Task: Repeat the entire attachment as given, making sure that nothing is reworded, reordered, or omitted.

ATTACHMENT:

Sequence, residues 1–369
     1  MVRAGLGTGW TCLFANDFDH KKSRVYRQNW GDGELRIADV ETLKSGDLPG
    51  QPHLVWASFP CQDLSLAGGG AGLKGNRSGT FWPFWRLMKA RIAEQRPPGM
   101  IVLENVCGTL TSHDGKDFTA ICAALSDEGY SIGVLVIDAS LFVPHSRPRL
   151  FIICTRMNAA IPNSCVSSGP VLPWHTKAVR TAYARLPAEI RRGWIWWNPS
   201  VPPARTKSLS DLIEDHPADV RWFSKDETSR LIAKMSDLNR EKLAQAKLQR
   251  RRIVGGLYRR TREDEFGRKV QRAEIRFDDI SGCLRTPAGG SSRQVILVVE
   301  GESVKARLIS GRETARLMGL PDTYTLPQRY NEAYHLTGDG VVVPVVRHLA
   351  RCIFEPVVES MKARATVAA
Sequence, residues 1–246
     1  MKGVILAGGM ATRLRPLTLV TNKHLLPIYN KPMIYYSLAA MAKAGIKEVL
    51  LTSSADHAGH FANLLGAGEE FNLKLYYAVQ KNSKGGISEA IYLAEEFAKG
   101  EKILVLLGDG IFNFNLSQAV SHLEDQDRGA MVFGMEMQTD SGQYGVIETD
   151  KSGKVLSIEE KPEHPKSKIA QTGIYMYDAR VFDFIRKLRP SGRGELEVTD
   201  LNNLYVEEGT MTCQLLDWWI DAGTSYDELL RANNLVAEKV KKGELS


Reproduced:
Sequence, residues 1–369
     1  MVRAGLGTGW TCLFANDFDH KKSRVYRQNW GDGELRIADV ETLKSGDLPG
    51  QPHLVWASFP CQDLSLAGGG AGLKGNRSGT FWPFWRLMKA RIAEQRPPGM
   101  IVLENVCGTL TSHDGKDFTA ICAALSDEGY SIGVLVIDAS LFVPHSRPRL
   151  FIICTRMNAA IPNSCVSSGP VLPWHTKAVR TAYARLPAEI RRGWIWWNPS
   201  VPPARTKSLS DLIEDHPADV RWFSKDETSR LIAKMSDLNR EKLAQAKLQR
   251  RRIVGGLYRR TREDEFGRKV QRAEIRFDDI SGCLRTPAGG SSRQVILVVE
   301  GESVKARLIS GRETARLMGL PDTYTLPQRY NEAYHLTGDG VVVPVVRHLA
   351  RCIFEPVVES MKARATVAA
Sequence, residues 1–246
     1  MKGVILAGGM ATRLRPLTLV TNKHLLPIYN KPMIYYSLAA MAKAGIKEVL
    51  LTSSADHAGH FANLLGAGEE FNLKLYYAVQ KNSKGGISEA IYLAEEFAKG
   101  EKILVLLGDG IFNFNLSQAV SHLEDQDRGA MVFGMEMQTD SGQYGVIETD
   151  KSGKVLSIEE KPEHPKSKIA QTGIYMYDAR VFDFIRKLRP SGRGELEVTD
   201  LNNLYVEEGT MTCQLLDWWI DAGTSYDELL RANNLVAEKV KKGELS